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As Japan’s labor crunch bites, companies look to robots to plug the gaps


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Serving robots are displayed at Pangolin Robot Japan Co.’s booth during the International Robot Exhibition 2019 at Tokyo Big Sight on Wednesday. | KAZUAKI NAGATA

In the not-so-distant future, more robots may be interacting with customers at shopping complexes, serving food at restaurants or cleaning floors at offices in Japan amid a serious labor crunch.

A hint of what is to come is visible at the International Robot Exhibition 2019, a major biennial robot trade show that kicked off on Wednesday at Tokyo Big Sight. The event runs until Saturday.


Featuring a record 637 firms and organizations, some participants said demand for robotics as helping hands in service sectors is rising to compensate for a shortage of workers.

Tokyo-based Omron Social Solutions Co. unveiled a robot capable of performing three tasks: cleaning, security and guiding.

“We hear that it’s becoming harder to hire security guards and cleaners due to labor shortages,” said Masayuki Atsumi, a spokesman for the company, a subsidiary of Omron Corp., which produces control equipment and sensors.

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The 87-centimeter-tall robot, which comes equipped with a 21.5-inch display, can walk along preprogrammed routes and avoid collisions with obstacles. It can also be operated by remote control.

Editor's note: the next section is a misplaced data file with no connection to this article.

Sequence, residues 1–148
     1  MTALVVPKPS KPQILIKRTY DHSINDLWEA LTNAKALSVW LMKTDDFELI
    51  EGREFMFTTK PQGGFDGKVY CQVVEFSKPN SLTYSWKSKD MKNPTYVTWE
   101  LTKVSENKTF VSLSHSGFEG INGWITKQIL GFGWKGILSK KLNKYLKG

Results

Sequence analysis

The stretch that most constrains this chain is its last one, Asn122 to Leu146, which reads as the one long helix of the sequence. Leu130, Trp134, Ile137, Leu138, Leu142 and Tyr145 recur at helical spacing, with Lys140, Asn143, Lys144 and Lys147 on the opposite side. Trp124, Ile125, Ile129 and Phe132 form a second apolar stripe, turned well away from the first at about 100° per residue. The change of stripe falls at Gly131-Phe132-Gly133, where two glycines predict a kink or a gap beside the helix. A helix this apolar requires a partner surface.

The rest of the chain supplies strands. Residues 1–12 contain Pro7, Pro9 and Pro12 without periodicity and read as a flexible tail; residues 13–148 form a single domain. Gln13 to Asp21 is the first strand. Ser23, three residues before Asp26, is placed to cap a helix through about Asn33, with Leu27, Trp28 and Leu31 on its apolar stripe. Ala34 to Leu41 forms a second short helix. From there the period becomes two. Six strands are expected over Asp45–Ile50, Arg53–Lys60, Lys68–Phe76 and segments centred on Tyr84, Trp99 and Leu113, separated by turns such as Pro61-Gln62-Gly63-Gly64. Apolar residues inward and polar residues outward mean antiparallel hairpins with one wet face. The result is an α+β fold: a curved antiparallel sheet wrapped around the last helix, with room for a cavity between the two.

Some cleaning robots produced by other firms are already on the market, but their function tends to be limited to just cleaning. Omron’s robot, which is scheduled to debut in May next year, has a competitive edge because a single unit can perform multiple tasks, Atsumi said.

For instance, if a shopping mall opts to “hire” the robot, it can clean floors in the morning, wander around with advertisements on its display and interact with shoppers during the daytime, and act as a security guard at night.

Omron said demand for robotics technologies in the service sector is likely to increase, so the firm is looking to beef up its efforts.

Other participating companies are also displaying their robots for security or guiding purposes at the trade show.

Restaurants are considering turning to robots amid the labor shortage, according to Pangolin Robot Japan Co., a unit of a China-based firm.

Eateries are increasingly looking to counter a lack of manpower, said Koichi Wakabayashi, a sales official at the firm.

The Chinese firm makes robotic servers for restaurants that can deliver food and pick up dishes. Wakabayashi said Pangolin, which was founded in 2006, has shipped about 2,000 such robots in China.

The firm entered the Japanese market in 2017, and its serving robots have been introduced at some restaurants, said Wakabayashi.

Pangolin’s serving robot is more reasonably priced than those made by Japanese firms, since its function is simpler, Wakabayashi said. The average daily cost is about ¥1,000 if an eatery uses a robot for five years, he said.

Other than robots for the service sector, the International Robot Exhibition showcases robots and smart technologies for agriculture. Many companies are also exhibiting robotics technologies for factory automation and industrial uses.



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